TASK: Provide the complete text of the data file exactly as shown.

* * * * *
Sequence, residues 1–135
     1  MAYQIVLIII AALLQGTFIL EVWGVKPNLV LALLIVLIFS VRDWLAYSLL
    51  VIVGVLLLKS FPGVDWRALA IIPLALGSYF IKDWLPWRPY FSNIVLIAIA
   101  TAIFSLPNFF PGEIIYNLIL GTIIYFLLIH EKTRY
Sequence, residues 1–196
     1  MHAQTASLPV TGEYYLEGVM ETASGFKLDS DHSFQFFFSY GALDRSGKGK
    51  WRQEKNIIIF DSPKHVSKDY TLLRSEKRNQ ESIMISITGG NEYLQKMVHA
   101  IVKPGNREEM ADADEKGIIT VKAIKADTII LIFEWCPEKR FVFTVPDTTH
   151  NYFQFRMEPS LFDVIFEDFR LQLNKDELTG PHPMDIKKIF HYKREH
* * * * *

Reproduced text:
Sequence, residues 1–135
     1  MAYQIVLIII AALLQGTFIL EVWGVKPNLV LALLIVLIFS VRDWLAYSLL
    51  VIVGVLLLKS FPGVDWRALA IIPLALGSYF IKDWLPWRPY FSNIVLIAIA
   101  TAIFSLPNFF PGEIIYNLIL GTIIYFLLIH EKTRY
Sequence, residues 1–196
     1  MHAQTASLPV TGEYYLEGVM ETASGFKLDS DHSFQFFFSY GALDRSGKGK
    51  WRQEKNIIIF DSPKHVSKDY TLLRSEKRNQ ESIMISITGG NEYLQKMVHA
   101  IVKPGNREEM ADADEKGIIT VKAIKADTII LIFEWCPEKR FVFTVPDTTH
   151  NYFQFRMEPS LFDVIFEDFR LQLNKDELTG PHPMDIKKIF HYKREH